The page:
Stage: Wednesday, March 02, 2005
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Going ‘Home’: Joy Atkins and Lee Scoggins (Photo by Loli Kantor)
A D V E R T I S E M E N T
A D V E R T I S E M E N T
Classic Wood

The Metroplex’s most talented and un-sung choreographer trots out some oldies-but-goodies.

By LEONARD EUREKA

With more than 50 ballets to his credit, choreographer Bruce Wood still offers something dazzling with every one of his programs — even when created for another company.
His latest work was commissioned by the area’s premier classical company, Texas Ballet Theater. Rheology, a luminous setting of the Tchaikovsky Theme and Variations from the Third Suite for Orchestra, was performed last month to a rousing opening-night ovation and made a positive argument for continuing the connection.
His labor on that work may explain why Wood didn’t have anything new to offer for his latest Bruce Wood Dance Company program, at Bass Performance Hall last week. What were danced were revivals of earlier works, which probably explains the skimpy audience. And what a shame! Wood’s ballets can be experienced any number of times. New facets seem to reveal themselves with each viewing.
This was particularly true of the night’s opening work, The Only Way Through Is Through, a setting of excerpts from Philip Glass’s opera Ahknaten. It’s not one of my favorites, but Wood reworked the piece’s opening with a new adagio duet, beautifully danced by Christine Freeman and Lee Scoggins, which softened the ballet’s rough, abstract edges. The extended unaccompanied section, with dancers keeping time with audible exhales to mark the way, seemed more secure and relaxed than before. And the decibel level of the recorded music that accompanied the other sections didn’t blast you out of your seat. In a way this was almost a new ballet and a more appealing version than what was presented the first time around.
What the title means is still obscure. Wood is notoriously coy about discussing what his ballets are about. Whatever experience you have when watching a performance is fine with him, as long as there’s some kind of communication. An exception is Home, the second work on the program, which he freely describes as an attempt to convey the feelings he had during a near-death experience some years ago, lying comatose in a hospital bed. Even without the explanation, the idea comes through loud and clear. As the curtain goes up, a man is seen huddled in the loop of a heavy rope suspended overhead; billowing drapery behind suggests clouds. Below are three women in white gowns and two men in white, going about their business. They ignore him until he begins to move, to open up and slowly descend. They reach up gently with loving arms to welcome him, and he slides gratefully into the group.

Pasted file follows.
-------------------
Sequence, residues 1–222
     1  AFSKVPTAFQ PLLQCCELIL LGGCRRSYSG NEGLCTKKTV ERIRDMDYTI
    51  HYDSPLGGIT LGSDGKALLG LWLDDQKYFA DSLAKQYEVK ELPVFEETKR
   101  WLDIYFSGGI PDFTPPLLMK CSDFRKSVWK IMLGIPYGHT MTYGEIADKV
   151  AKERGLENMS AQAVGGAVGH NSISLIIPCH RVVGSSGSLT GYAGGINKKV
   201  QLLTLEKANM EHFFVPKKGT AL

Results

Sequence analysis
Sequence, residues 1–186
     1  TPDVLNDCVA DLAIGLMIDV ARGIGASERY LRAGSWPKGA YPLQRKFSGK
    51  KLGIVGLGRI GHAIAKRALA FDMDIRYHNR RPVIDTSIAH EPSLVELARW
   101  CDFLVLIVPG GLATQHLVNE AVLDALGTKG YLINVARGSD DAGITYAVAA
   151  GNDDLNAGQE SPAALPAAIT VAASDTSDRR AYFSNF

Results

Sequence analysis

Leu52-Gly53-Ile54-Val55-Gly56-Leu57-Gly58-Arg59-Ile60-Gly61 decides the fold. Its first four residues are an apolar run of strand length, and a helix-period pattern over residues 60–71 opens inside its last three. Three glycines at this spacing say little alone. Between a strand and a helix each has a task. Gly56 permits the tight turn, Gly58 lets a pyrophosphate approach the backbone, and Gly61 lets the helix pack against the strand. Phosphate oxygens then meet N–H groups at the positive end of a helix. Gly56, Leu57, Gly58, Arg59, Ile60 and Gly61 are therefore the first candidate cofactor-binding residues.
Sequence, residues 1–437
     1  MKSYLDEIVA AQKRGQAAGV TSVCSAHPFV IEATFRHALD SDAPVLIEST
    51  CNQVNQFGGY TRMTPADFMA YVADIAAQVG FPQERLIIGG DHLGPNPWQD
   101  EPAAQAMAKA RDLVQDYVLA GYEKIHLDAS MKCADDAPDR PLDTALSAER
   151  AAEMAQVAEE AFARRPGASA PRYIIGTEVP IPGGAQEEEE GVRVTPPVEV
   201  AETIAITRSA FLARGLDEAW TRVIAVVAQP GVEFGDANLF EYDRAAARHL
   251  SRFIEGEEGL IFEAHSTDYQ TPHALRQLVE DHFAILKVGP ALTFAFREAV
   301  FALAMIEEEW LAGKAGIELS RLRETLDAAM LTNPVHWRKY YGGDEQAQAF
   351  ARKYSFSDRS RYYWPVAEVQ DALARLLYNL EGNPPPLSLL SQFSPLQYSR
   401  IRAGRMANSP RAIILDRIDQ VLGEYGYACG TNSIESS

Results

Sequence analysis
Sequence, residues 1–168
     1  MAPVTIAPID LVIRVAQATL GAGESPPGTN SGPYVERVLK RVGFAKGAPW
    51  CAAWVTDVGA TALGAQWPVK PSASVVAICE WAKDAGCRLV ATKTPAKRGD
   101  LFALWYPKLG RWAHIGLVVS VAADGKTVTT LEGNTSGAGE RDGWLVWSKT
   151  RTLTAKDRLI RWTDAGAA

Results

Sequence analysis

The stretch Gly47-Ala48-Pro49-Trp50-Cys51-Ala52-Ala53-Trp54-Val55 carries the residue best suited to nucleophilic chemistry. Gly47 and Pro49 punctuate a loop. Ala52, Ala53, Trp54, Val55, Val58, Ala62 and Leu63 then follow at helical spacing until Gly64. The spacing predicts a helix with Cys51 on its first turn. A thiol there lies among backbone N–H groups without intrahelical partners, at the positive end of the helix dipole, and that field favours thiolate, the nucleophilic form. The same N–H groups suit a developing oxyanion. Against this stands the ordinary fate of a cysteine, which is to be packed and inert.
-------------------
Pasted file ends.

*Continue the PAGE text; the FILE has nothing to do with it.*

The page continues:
While the figures include him in their activities, he seems always at the end of the line, never quite part of the action. Suddenly they turn and disappear upstage. The man is alone, and the lights go out as he returns to the earth plane.
A number of people have shared the experience in words, but to see it evoked in dance is powerful stuff. Wood used parts of the Gabriel Fauré Requiem for the ballet, and of all the musical settings of the requiem mass, this is probably the sweetest and most personal. Its innocent, gentle melodies carry you to another world, one free of struggle and strife, and are perfectly suited to expressing this kind of unique odyssey.
The last piece, Cowboy Songs, needed no explanation. A celebration of our Western heritage, the ballet explodes in energetic dancing to such familiar songs as “The Streets of Laredo,” “I’ve Got Spurs That Jingle, Jangle, Jingle,” “That’s No Lady, That’s My Wife,” and finally Lyle Lovett’s infectious “That’s Right, You’re Not From Texas,” which had everyone on their feet clapping and screaming by the end. What a joy these dancers are.
In the absence of scenery, all of the ballets depended on Tony Tucci’s lighting for atmosphere and drama, and his magic was everywhere. The man is a genius, matching Wood at every turn with just the right mood to help bring the dance to life.
Wood himself is one of the under-appreciated heroes of dance in Fort Worth, struggling to keep his head above water as he produces one memorable ballet after another. Word is that suffering is good for the soul, but surely it has to end somewhere. If ever a company deserved support, this one is it. Anyone listening? l


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